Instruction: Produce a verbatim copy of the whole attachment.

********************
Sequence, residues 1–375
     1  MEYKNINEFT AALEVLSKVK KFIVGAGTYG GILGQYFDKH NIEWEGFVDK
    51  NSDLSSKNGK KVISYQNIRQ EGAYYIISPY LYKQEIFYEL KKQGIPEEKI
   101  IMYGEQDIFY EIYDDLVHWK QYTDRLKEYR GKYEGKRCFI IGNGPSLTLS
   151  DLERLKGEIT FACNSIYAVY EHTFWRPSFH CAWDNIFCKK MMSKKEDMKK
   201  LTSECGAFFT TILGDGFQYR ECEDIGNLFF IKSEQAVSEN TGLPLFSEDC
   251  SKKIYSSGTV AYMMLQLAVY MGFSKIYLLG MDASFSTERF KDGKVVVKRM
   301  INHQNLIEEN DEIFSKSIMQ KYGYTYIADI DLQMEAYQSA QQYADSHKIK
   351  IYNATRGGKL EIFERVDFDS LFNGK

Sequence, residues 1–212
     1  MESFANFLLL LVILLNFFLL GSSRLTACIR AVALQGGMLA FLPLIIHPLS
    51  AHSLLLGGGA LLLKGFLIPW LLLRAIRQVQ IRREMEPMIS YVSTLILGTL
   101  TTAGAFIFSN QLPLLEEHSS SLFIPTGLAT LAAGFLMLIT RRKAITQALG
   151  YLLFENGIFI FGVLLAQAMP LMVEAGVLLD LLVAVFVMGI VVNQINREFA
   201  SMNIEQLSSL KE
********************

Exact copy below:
Sequence, residues 1–375
     1  MEYKNINEFT AALEVLSKVK KFIVGAGTYG GILGQYFDKH NIEWEGFVDK
    51  NSDLSSKNGK KVISYQNIRQ EGAYYIISPY LYKQEIFYEL KKQGIPEEKI
   101  IMYGEQDIFY EIYDDLVHWK QYTDRLKEYR GKYEGKRCFI IGNGPSLTLS
   151  DLERLKGEIT FACNSIYAVY EHTFWRPSFH CAWDNIFCKK MMSKKEDMKK
   201  LTSECGAFFT TILGDGFQYR ECEDIGNLFF IKSEQAVSEN TGLPLFSEDC
   251  SKKIYSSGTV AYMMLQLAVY MGFSKIYLLG MDASFSTERF KDGKVVVKRM
   301  INHQNLIEEN DEIFSKSIMQ KYGYTYIADI DLQMEAYQSA QQYADSHKIK
   351  IYNATRGGKL EIFERVDFDS LFNGK

Sequence, residues 1–212
     1  MESFANFLLL LVILLNFFLL GSSRLTACIR AVALQGGMLA FLPLIIHPLS
    51  AHSLLLGGGA LLLKGFLIPW LLLRAIRQVQ IRREMEPMIS YVSTLILGTL
   101  TTAGAFIFSN QLPLLEEHSS SLFIPTGLAT LAAGFLMLIT RRKAITQALG
   151  YLLFENGIFI FGVLLAQAMP LMVEAGVLLD LLVAVFVMGI VVNQINREFA
   201  SMNIEQLSSL KE